#BigSquat in Bournemouth
Bournemouth beach was occupied by squatters this weekend – but all for a good cause.
Saturday morning saw fitness professionals, gym enthusiasts and passers-by taking part in a fun charity squatting contest called the Big Squat.
The event was organised by Bournemouth-based charity Toilet Twinning which raises funds to help families in the developing world build their own toilets and stop having to squat in the bush.
Local gyms fielded teams made up of staff and members, while passers-by were invited to take part too. Contestants had to complete as many squats as possible in timed heats, with prizes awarded for ‘Best Squatter in Town’, ‘Best Squatting Team in Town’ and ‘Best Amateur Squatter’.
The best professional was Andy Tipsana of Urban Health and Fitness, who completed 232 squats in three minutes in his best round. His gym also won the best team prize, beating teams from BH Live and DW Fitness First. The winner in the ‘Best Amateur Squatter’ category was nine-year-old Alfie Holmwood from Bournemouth, who totted up 157 squats in two minutes.
Over the 90 minutes of the contest, 32 participants totted up 4,391 squats, ‘the second-most taxing bodyweight exercise after the burpee’, according to Lewy Blackmore of BH Live.
For each £60 the teams raised in sponsorship, participants were awarded a Toilet Twinning certificate, showing the photograph of a toilet in a poor community that has been built through Toilet Twinning’s projects.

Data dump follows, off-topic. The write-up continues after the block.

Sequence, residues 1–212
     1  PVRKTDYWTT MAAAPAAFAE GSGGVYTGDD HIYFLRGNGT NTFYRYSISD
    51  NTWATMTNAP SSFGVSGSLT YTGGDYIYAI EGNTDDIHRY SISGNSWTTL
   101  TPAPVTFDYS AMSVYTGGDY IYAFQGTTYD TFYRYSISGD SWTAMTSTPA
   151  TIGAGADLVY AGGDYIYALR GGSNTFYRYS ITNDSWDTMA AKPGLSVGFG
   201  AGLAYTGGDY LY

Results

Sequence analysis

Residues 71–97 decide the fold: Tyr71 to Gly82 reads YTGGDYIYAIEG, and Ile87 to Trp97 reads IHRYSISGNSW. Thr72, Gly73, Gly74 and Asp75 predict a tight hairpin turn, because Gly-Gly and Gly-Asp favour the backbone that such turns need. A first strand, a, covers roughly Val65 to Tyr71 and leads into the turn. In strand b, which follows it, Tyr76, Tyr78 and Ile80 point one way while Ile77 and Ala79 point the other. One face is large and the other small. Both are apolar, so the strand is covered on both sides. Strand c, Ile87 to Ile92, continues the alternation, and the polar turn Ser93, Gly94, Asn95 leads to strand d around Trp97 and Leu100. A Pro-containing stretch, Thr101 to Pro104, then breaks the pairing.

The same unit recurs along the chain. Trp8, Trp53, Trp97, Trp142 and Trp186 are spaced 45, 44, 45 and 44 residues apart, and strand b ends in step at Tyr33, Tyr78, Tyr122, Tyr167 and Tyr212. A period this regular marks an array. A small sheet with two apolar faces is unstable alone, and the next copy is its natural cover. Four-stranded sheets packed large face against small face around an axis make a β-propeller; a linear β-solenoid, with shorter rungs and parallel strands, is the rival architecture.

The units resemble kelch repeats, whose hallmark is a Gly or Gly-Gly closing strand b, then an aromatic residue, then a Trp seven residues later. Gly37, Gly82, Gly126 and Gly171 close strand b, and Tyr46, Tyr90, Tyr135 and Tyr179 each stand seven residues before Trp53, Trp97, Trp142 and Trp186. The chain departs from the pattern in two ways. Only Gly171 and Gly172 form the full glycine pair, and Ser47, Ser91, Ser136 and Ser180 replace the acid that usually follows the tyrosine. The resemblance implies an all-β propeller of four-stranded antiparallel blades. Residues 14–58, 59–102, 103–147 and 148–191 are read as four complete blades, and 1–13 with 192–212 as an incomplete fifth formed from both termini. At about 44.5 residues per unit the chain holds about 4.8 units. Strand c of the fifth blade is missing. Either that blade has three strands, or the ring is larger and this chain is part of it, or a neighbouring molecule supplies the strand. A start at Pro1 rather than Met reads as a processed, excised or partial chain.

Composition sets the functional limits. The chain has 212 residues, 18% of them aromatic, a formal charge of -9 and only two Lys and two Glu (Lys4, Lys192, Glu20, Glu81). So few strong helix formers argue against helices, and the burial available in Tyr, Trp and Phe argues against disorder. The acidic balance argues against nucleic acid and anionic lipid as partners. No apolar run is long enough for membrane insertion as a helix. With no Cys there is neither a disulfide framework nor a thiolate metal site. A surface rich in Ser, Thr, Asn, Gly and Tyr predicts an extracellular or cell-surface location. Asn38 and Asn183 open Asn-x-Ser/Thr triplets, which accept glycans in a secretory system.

Event organiser Achim Kram, Toilet Twinning’s Head of Marketing, said: ‘We’re so grateful to everyone who gave up their morning to take part. In the places where we work, a simple latrine is literally a lifesaver so our contestants can be proud they’ve changed lives for ever.’
Participants had had various amounts of experience of living without sanitation, but all could appreciate the importance of having a toilet. Chris Pazienti of BH Live had suffered ‘cold showers and loos that were just a hole in the ground’ during a martial arts trip to China. ‘It definitely made me appreciate my loo at home,’ he said.
Physiotherapist Charlotte Bingham-Wallis from Essex was somewhat surprised to find that her visit to Bournemouth with friend Alice Bagshaw from Bude included squatting on the beach. ‘When I was in the Amazon, there were monkeys around, so squatting in the bush was actually quite dangerous,’ said Charlotte. ‘We definitely take our loos for granted in this country.’
Manoj Patel, Director of Urban Health and Fitness, said, ‘I’ve been to India which has large areas where poverty is rife and the disparity between rich and poor is shocking. It’s good to be involved in something fun and competitive that brings awareness of something that’s so important.’
The event kickstarts a national #BigSquat campaign encouraging people to organise their own quirky fundraiser for Toilet Twinning before World Toilet Day (19 November).